In 1946 Southern Democrats blocked a vote on a bill proposed by Dennis Chavez of New Mexico (S. 101) that would have created a permanent Fair Employment Practices Committee (FEPC) to prevent discrimination in the work place. The filibuster lasted weeks, and Senator Chavez was forced to remove the bill from consideration after a failed cloture vote even though he had enough votes to pass the bill. As civil rights loomed on the Senate agenda, this rule was revised in 1949 to allow cloture on any measure or motion by two-thirds of the entire Senate membership; in 1959 the threshold was restored to two-thirds of those voting. After a series of filibusters in the 1960s over civil rights legislation, the Senate in 1975 revised its cloture rule so that three-fifths of the Senate (usually 60 senators) could limit debate. Despite this rule, the filibuster or the threat of a filibuster remains an important tactic that allows a large minority to affect legislation.

Filibusters do not occur in legislative bodies in which time for debate is strictly limited by procedural rules, such as the United States House of Representatives. The US House did not adopt rules restricting debate until 1842, and the filibuster was used in that body before that time.

In current practice, Senate rules permit procedural filibusters, in which actual continuous floor speeches are not required, although the Senate majority leader may require an actual traditional filibuster if he so chooses. This threat of a filibuster can be just as powerful as an actual filibuster.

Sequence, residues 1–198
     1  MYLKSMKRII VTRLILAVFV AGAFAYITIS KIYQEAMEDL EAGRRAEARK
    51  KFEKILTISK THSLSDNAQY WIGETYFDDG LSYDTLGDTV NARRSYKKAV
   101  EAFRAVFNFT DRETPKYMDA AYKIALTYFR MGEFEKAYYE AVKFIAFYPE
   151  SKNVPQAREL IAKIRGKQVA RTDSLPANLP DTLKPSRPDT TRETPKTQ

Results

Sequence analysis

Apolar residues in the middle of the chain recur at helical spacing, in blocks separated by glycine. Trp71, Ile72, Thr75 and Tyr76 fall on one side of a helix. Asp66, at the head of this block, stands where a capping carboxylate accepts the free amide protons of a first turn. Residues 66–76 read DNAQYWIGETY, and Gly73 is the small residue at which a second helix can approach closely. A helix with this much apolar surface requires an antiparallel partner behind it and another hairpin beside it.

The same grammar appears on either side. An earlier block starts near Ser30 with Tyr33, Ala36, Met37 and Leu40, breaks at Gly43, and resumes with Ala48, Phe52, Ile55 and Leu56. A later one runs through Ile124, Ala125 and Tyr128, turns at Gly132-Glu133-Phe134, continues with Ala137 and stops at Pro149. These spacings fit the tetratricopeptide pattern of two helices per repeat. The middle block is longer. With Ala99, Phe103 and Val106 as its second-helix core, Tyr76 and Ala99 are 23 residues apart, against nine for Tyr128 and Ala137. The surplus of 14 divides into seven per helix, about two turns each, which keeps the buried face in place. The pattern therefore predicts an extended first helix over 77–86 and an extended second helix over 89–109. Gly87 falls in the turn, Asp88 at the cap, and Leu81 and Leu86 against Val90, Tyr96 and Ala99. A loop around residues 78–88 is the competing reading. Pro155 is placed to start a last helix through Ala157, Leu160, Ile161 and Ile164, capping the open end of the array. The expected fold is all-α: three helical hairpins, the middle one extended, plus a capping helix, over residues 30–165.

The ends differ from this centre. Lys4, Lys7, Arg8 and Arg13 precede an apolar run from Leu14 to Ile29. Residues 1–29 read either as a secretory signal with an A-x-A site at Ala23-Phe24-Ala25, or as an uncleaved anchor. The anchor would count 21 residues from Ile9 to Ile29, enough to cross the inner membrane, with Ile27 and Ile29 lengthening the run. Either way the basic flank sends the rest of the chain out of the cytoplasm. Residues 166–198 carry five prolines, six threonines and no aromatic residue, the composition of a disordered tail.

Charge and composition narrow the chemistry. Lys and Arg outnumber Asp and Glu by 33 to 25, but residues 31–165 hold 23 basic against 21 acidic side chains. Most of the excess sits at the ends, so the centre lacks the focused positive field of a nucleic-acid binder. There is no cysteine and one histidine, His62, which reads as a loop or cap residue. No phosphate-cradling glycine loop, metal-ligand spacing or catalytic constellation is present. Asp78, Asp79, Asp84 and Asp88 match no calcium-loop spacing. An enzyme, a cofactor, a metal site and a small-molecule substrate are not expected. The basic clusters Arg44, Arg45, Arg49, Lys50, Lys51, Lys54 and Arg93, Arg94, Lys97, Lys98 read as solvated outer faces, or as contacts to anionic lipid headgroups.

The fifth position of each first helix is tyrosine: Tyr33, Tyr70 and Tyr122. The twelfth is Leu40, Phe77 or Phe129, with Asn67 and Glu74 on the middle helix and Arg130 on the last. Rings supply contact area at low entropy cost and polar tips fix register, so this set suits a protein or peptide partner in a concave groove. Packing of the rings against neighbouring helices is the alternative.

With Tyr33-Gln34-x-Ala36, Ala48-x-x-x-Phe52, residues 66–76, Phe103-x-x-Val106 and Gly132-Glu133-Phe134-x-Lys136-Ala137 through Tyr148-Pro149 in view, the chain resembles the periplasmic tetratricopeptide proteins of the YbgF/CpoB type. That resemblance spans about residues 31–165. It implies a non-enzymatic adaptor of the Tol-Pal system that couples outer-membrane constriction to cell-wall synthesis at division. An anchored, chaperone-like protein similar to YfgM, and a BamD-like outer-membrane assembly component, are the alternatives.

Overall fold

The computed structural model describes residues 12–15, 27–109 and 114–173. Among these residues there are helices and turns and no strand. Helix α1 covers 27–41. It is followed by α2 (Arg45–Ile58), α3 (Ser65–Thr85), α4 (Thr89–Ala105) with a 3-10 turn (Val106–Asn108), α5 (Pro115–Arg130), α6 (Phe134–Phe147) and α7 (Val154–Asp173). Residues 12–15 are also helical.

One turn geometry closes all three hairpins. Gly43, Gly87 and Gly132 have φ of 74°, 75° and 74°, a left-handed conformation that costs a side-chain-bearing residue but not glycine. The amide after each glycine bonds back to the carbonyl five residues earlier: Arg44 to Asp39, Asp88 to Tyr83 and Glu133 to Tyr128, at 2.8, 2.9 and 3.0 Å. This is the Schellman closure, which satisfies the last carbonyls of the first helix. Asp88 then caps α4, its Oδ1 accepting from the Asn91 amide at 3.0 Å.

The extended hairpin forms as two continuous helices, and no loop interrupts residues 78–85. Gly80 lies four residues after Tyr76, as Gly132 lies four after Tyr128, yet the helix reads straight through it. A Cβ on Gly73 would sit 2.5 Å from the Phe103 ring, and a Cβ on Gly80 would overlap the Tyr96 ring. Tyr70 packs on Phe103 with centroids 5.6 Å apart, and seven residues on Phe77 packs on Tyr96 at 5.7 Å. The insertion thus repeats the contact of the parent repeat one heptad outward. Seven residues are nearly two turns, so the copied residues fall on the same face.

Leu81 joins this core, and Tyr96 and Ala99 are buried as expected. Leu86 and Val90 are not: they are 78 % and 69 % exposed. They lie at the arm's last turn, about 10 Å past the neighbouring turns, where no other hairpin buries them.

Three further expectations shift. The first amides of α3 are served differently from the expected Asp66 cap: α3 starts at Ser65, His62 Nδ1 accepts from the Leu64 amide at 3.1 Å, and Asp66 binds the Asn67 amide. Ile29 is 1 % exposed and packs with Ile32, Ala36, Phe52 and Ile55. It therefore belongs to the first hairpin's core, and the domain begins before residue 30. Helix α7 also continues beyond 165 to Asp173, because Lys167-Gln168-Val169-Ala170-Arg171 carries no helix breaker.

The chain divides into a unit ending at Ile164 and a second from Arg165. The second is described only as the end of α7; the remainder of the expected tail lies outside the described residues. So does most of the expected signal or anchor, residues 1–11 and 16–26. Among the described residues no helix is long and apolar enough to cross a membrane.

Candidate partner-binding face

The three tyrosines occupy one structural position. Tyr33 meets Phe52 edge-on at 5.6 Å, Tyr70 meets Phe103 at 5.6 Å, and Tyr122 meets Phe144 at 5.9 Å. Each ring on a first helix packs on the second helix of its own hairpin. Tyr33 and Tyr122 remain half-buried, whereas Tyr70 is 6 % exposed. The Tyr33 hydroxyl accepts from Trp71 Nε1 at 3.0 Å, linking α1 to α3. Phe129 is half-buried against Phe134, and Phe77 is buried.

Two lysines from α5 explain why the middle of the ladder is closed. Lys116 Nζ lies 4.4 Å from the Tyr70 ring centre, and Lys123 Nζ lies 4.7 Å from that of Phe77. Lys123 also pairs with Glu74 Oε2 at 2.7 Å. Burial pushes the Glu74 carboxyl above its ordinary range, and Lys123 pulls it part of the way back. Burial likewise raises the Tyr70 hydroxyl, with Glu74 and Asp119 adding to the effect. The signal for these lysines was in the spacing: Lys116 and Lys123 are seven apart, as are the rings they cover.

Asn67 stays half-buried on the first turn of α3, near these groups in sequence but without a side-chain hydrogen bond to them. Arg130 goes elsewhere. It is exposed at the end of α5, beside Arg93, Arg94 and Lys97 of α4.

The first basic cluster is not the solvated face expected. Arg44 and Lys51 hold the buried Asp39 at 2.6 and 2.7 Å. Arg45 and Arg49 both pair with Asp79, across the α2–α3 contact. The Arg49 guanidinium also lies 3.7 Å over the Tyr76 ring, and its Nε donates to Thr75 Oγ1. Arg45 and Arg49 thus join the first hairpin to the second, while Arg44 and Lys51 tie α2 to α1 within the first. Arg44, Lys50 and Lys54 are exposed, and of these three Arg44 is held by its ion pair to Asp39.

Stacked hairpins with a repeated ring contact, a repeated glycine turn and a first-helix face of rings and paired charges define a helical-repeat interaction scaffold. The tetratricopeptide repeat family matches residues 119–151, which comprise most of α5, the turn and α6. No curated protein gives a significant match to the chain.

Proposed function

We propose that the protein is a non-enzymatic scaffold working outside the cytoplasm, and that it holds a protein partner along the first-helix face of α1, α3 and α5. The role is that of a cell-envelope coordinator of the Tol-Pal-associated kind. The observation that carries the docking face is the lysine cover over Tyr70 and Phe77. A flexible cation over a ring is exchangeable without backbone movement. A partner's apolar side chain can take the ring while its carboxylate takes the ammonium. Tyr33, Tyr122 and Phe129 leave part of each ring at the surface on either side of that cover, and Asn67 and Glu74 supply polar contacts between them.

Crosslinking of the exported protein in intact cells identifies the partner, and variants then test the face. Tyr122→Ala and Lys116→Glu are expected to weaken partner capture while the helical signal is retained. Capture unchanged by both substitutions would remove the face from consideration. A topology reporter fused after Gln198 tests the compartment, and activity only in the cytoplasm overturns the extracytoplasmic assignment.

Budget bills are governed under special rules called "Reconciliation" which do not allow filibusters. Reconciliation theoretically only applies to bills that would reduce the budget deficit, but it has been used for bills that are only tangentially related to budget issues.

A filibuster can be defeated by the governing party if they leave the debated issue on the agenda indefinitely, without adding anything else to the agenda. Thurmond's attempt to filibuster the Civil Rights Act was defeated when Senate Majority Leader Lyndon Johnson refused to refer any further business to the Senate, which required the filibuster to be kept up indefinitely. Instead, the opponents were all given a chance to speak and the matter eventually was forced to a vote.

The filibuster today

In 2005, some Republican senators led by Senate Majority Leader Bill Frist (R-TN), responding to the Democratic threat of filibustering some judicial nominees of President George W. Bush to prevent a vote on the nomination, floated the idea of a rules change that would eliminate filibusters on judicial nominees. They originally called this plan the nuclear option, which they later changed to constitutional option. Opponents of the plan continue to use the term nuclear option. The filibuster battle raged on the Senate floor for much of May. Democrats, led by Senate Minority Leader Harry Reid (D-NV) furiously opposed the changes, claiming they would erode traditional minority rights in government. The Republicans, however, wanted judicial nominees to have a clear-cut vote – either yes or no.